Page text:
Why Investing in Patient Retention Is as Important as Investing in Patient Acquisition — and How to Make the Case with Data
// By Jane Weber Brubaker //
If acquiring a new customer is up to 25 times more expensive than retaining an existing one, why is so much attention paid to patient acquisition and so little to retention? Even the definition of “new patient” is relative. At what point does a former patient who has leaked out of the system have to be reacquired as a new patient?
At a presentation during the Healthcare Marketing & Physician Strategies Summit (HMPS) conference in October, marketing executives from Johns Hopkins Medicine and CommonSpirit Health shared that, increasingly, they are focused on tracking the metrics of lifetime value (LTV), understanding the variables that impact it, and developing retention strategies to keep patients engaged early and often. One critical takeaway is that the longer you wait to engage a patient, the more likely it is that they will have moved on.
“The cost of acquisition can be considerable,” says Suzanne Sawyer, senior vice president, chief marketing and communications officer at Johns Hopkins Medicine. “The incremental cost of retention is relatively low.”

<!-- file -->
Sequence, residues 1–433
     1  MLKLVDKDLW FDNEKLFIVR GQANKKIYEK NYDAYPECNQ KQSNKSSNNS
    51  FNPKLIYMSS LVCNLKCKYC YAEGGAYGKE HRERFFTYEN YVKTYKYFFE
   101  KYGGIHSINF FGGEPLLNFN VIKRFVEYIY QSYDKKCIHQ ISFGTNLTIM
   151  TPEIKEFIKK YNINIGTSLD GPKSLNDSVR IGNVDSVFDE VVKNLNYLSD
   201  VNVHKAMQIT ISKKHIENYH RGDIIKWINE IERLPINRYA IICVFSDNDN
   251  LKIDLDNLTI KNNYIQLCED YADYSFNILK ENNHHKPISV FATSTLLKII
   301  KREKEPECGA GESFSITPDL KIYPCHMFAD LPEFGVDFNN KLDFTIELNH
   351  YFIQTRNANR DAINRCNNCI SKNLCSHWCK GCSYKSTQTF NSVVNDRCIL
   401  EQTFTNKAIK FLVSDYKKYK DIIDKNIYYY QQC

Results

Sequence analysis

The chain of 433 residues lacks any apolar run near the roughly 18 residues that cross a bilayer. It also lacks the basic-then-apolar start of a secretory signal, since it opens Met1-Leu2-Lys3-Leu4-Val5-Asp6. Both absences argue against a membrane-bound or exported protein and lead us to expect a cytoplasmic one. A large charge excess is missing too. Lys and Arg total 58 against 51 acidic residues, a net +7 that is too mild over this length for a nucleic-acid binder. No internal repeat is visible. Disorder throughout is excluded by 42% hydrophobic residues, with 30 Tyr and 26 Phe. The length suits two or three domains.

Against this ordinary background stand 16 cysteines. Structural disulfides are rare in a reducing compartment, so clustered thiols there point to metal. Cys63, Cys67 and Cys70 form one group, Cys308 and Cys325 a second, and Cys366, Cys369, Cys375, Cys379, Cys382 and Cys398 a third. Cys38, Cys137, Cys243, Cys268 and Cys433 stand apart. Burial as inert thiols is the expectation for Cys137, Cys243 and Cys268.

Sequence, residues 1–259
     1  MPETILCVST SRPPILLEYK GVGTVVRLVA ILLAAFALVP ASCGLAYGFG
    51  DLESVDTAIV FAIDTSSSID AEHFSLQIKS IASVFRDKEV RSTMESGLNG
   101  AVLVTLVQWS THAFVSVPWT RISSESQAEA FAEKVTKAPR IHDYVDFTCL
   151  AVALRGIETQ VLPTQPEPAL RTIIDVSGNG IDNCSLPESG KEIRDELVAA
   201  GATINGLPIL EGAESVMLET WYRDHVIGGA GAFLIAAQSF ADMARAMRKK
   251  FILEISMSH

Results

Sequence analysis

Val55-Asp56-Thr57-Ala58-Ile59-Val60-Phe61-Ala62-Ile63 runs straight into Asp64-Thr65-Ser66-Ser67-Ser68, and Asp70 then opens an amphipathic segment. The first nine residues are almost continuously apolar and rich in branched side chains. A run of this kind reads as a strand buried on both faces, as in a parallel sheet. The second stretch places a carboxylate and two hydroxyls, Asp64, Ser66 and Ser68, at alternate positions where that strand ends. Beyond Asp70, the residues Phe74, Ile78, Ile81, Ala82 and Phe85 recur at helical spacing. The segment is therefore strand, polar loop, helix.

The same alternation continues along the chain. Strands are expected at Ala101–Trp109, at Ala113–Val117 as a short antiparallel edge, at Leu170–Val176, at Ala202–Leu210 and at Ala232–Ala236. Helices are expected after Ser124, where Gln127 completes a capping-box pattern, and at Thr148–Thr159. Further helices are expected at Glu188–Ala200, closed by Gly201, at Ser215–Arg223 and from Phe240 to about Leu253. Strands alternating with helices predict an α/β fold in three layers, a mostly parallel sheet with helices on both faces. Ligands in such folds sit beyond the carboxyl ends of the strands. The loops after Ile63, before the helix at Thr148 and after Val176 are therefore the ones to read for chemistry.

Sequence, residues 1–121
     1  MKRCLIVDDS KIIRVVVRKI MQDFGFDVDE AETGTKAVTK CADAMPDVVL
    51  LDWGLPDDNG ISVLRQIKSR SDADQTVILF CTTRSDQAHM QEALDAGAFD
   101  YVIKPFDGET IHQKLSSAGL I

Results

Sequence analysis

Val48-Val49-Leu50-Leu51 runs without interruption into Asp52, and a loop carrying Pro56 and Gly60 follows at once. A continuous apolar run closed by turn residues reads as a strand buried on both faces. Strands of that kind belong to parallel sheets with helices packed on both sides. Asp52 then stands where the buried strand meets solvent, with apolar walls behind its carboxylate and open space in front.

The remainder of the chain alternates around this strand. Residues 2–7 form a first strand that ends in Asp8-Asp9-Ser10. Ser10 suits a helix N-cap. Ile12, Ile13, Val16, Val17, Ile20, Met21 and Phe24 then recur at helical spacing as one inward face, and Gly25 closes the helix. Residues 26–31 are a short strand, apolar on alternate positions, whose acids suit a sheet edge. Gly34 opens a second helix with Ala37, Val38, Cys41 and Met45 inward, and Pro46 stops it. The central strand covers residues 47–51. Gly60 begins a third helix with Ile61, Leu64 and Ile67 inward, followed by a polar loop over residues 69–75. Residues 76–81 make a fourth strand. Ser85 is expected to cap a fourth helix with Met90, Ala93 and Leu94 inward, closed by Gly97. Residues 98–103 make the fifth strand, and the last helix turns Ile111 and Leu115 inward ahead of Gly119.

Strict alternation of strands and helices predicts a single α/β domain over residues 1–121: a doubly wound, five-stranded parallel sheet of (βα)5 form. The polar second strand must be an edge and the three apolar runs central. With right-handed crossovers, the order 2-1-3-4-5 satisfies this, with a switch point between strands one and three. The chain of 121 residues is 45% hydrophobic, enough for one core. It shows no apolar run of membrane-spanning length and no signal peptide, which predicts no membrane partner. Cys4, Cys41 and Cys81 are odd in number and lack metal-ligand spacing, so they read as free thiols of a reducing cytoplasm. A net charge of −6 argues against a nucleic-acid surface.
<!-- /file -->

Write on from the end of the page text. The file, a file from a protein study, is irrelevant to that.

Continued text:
But the financial benefits of retention are high. “For every 1 percent positive change in that five-year retention metric, there’s a 4 percent increase in lifetime value,” says Dave Griffith, vice president of analytics and insights at Mercury Healthcare (formerly Healthgrades). Griffith and Rob Grant, executive vice president, chief strategy and innovation officer at Mercury Healthcare, co-presented with Sawyer and Adam Rice, senior vice president of marketing at CommonSpirit Health.
Grant explains, “Three years ago, we realized we had a great opportunity to aggregate data from hundreds of hospitals and benchmark retention data.” Mercury Healthcare’s modeler can analyze retention data at a high level down to a granular level to shed light on what is actually happening system-wide or within specific cohorts.